The first year he organized the festival, he had no expectations. He didn’t start planning the October event until August of that year, and he put very little promotion behind it, if at all. Even so, some 500 to 750 people showed up that first year.

“I really, honestly, I can’t say in that first year that I could have anticipated where we would be now,” Scott says. “After the first year, I knew that we had something. I knew that there was definitely a community there that was willing and that was really wanting that kind of event. It’s a great place for people that already are vegan or vegetarian, or leaning in that direction. But, really, what I saw was the opportunity to showcase the fact that being vegan and eating those kinds of foods doesn’t meant that you’re restricted, necessarily. That was really the main thing — the opportunity to educate and show people that this kind of lifestyle doesn’t mean that your social calendar is over and you’ll never get to experience any fun anymore.”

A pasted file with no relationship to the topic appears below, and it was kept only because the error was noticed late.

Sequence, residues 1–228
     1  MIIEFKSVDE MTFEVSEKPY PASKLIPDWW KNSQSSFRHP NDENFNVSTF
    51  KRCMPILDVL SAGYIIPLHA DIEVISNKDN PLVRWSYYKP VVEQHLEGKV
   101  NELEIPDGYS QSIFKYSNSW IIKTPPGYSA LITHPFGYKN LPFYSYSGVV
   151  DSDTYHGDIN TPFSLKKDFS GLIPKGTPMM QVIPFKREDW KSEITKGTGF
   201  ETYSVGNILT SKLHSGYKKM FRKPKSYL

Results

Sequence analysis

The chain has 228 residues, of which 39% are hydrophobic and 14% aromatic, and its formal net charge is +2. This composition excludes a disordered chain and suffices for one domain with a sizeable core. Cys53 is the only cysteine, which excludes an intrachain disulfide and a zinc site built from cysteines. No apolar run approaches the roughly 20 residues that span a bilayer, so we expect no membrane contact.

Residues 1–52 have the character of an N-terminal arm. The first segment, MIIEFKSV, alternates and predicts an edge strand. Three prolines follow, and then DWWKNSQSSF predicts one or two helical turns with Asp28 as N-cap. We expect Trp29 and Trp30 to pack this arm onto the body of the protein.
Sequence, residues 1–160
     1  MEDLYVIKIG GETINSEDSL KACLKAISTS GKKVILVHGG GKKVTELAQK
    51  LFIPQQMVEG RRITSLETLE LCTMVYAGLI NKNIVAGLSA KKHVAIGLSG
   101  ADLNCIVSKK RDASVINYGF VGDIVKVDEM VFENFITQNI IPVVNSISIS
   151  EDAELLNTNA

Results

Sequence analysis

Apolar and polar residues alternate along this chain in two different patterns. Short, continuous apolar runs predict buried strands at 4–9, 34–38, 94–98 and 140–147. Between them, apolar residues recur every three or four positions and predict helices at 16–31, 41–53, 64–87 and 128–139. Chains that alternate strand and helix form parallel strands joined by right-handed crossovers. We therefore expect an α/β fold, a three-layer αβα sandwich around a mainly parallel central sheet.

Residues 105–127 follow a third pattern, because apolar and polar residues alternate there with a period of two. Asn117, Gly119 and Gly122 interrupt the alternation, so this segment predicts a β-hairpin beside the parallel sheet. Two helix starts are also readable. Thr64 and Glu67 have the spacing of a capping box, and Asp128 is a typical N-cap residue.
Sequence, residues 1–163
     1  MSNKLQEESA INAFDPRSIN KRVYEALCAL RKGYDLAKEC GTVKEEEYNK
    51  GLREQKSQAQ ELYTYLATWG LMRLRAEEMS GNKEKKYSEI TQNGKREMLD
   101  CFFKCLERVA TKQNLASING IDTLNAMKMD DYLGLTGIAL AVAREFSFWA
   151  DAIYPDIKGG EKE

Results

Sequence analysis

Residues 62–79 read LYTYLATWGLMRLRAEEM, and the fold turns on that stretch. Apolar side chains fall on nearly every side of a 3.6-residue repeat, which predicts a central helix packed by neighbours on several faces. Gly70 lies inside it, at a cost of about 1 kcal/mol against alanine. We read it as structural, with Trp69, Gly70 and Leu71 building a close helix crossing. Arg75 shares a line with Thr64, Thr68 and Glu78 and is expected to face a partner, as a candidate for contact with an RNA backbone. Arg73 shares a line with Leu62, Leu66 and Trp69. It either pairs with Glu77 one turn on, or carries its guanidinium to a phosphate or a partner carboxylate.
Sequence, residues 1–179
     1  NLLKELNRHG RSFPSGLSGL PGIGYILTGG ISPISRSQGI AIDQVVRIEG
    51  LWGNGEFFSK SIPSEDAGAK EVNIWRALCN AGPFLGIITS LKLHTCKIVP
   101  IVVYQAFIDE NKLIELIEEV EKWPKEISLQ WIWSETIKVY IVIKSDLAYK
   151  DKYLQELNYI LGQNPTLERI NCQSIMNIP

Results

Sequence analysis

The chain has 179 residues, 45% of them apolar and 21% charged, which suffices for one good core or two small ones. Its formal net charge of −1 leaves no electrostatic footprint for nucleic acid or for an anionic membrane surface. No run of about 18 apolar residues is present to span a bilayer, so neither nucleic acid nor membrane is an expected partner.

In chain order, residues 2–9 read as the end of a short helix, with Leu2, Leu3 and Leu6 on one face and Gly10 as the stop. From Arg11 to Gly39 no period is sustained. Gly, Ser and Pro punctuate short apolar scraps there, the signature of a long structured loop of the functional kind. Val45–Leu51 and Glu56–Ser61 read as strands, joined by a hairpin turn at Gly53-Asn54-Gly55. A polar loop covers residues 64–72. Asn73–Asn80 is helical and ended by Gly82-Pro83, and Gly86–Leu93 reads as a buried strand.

The fun at this year’s fair will include a number of musical performances: In addition to the aforementioned Badu DJ set, singer/songwriter Eddie Lott, seven-piece band Mighty Mountain, baroque folk outfit Home By Hovercraft and electro group Zhora will each perform as part of Sunday’s festivities. But a perhaps more important aspect of the festival is the amount of information that will be available to attendees. Speakers and organizations will be on hand to help Scott and Casey educate the public about our country’s eating habits.